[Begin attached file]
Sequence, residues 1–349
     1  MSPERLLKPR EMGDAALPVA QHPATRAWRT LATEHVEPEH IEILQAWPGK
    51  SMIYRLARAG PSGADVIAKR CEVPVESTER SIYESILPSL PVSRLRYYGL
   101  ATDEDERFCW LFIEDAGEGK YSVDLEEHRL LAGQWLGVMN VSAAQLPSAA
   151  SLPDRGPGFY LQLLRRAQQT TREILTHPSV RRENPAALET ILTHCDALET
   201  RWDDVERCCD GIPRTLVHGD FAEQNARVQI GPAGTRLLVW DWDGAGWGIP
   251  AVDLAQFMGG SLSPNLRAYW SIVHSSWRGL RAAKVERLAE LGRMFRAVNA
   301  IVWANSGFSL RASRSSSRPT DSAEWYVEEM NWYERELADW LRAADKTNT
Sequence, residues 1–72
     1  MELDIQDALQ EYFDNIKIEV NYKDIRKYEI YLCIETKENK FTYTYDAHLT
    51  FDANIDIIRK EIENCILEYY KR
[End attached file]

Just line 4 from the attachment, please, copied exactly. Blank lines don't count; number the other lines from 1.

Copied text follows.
   101  ATDEDERFCW LFIEDAGEGK YSVDLEEHRL LAGQWLGVMN VSAAQLPSAA